Archive for April, 2017

Libraries don’t cost money, they create it

Editorial

So I’m speaking at the CILIP Conference on reasons put forward against libraries and how libraries can respond to them.  One of the big underlying arguments against public libraries, which I will be going into, is the simple “we cannot afford them any more” argument. This is one of the easiest arguments to refute of course. For one thing, the UK is one of the most prosperous nations on the planet and other countries (like Scandinavia, Singapore, South Korea, China, Japan and the USA) invest in them. Some people, fed on a diet of news about austerity, sometimes don’t realise this. What we pay, and don’t pay for, is a political choice, as any discussion about more money for nurses, colour of passports, minimum living wages, MP’s salaries, nuclear weapons or the royal family will show. And, yes, some of those things mentioned you will have strong feelings about, but others will have directly opposing views. See what I mean?

You could also, of course, mention the definition of a philistine (someone who knows the price of everything but the value of nothing) if you want a fist fight.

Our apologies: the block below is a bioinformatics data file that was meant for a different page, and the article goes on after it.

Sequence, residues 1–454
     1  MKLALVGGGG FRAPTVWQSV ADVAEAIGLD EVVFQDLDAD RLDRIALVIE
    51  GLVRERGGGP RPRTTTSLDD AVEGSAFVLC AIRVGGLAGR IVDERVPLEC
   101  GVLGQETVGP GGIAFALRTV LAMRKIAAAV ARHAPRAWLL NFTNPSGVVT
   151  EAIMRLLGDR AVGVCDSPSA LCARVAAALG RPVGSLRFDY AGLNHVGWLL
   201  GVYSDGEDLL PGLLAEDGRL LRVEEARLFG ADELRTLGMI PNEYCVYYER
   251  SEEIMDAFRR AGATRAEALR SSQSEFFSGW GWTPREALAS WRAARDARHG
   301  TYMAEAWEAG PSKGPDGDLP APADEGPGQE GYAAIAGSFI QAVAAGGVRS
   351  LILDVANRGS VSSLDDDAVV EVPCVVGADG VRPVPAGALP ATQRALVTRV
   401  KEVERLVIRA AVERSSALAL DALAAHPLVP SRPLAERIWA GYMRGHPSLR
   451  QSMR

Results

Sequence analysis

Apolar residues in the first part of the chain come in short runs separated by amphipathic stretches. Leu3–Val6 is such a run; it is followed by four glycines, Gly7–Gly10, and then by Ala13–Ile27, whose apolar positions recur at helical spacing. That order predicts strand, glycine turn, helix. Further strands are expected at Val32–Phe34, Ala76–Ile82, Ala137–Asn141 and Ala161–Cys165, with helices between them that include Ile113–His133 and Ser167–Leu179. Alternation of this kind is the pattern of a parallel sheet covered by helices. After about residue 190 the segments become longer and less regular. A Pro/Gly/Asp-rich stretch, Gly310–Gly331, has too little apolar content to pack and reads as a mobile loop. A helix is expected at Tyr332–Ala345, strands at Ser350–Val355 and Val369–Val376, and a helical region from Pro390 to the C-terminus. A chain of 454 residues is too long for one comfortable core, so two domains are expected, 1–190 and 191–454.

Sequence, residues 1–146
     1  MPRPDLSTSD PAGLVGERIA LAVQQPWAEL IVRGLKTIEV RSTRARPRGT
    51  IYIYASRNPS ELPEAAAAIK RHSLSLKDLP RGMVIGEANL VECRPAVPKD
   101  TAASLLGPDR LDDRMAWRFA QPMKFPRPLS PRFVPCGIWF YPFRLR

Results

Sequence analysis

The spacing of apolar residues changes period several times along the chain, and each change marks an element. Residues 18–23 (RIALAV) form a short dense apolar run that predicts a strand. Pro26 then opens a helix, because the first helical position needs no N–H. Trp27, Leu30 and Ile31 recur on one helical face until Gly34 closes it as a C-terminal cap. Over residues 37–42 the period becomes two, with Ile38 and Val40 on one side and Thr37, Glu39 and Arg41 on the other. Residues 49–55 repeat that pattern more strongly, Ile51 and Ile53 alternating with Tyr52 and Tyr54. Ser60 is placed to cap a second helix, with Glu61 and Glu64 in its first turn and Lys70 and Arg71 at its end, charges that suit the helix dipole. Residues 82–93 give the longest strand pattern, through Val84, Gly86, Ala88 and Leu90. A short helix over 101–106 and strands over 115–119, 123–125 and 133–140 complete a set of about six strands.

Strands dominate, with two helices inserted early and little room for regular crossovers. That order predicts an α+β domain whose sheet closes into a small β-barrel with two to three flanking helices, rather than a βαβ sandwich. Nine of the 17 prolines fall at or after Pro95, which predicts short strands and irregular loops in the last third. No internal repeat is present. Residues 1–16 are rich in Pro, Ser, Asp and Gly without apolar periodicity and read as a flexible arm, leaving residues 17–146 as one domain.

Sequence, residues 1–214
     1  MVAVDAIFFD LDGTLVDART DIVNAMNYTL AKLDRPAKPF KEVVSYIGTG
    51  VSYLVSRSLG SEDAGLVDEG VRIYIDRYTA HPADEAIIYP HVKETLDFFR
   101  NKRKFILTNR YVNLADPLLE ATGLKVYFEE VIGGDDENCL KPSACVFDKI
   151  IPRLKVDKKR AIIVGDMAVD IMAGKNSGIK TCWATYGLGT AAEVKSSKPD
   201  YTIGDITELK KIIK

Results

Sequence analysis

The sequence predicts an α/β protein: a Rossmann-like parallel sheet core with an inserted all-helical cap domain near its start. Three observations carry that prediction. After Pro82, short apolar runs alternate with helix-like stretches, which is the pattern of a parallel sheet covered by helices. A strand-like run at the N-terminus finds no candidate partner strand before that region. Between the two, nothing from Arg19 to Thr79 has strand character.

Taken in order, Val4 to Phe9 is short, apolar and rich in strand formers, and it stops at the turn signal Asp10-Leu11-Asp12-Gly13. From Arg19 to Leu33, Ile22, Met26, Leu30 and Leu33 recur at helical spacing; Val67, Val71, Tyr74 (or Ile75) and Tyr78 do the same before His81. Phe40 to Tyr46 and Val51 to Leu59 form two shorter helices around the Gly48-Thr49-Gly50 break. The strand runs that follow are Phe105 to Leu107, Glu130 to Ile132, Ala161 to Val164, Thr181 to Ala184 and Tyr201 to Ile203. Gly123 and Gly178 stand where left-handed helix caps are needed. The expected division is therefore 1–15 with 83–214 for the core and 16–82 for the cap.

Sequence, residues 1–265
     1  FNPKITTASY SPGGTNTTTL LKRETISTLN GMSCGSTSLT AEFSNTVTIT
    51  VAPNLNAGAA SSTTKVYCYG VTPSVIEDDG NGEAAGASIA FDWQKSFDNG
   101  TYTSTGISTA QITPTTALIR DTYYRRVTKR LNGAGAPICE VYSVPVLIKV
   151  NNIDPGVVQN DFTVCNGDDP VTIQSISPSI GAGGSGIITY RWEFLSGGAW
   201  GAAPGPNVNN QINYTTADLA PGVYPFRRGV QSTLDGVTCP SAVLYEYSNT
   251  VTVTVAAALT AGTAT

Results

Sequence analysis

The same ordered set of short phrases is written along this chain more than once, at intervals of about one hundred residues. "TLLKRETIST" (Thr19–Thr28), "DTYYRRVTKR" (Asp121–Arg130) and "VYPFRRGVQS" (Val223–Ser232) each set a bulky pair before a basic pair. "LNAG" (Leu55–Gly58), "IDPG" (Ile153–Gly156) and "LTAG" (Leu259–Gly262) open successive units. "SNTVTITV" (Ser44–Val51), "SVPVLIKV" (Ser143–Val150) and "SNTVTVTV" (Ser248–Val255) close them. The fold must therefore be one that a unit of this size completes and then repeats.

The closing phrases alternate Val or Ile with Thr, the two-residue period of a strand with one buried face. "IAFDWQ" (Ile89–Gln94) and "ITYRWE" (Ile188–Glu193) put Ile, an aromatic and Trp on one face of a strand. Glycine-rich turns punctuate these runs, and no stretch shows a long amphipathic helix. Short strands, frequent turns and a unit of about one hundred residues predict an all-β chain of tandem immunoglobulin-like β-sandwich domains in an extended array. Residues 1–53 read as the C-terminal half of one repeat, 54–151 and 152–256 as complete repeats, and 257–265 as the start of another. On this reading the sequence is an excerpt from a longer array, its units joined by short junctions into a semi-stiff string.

Another argument, though, and one which I think has more merit to those who use the “cannot afford it” approach is to attack it at root. Which is that spending money on libraries creates money. It’s something that SLIC below puts at the forefront of its video.  Here’s a whole page of surveys which shows libraries, time and time again, bring more money in to a community than they cost. So don’t take my word for it, take that of Queensland, Victoria, Toronto, Ohio, Texas, Bolton and, gosh, also the DCMS.

Charges

More >

“Little Frees”, biases, and Facts Matter.

Editorial

Community book-exchanges in phone boxes or, in the case of Little Free Libraries, what appear to be big bird-boxes, get four mentions today.  Two are about repurposed phone boxes and the other two are from a serious study of the subject.  I tend to see Little Frees as fairly harmless myself and possibly even something to be co-opted by putting advertising in them for the local public library. That’s not the view of those writing the article and I’d recommend reading The Trouble With Twee for their alternative take.

It’s sad to see that Northern Ireland is facing further cuts to its library service, although one should point out that there are many English library services that would be envious at a mere 17% cut in the last four years. It’s also interesting to see a private donation of £15,000 made in Bury. Perhaps philanthropism may keep a few libraries open at all then, but I still have difficulty seeing it as something which will have an important influence on the sector, other than as will-o’-the-wisp austerity whip in order to beat “unimaginative” public libraries who have failed to obtain any.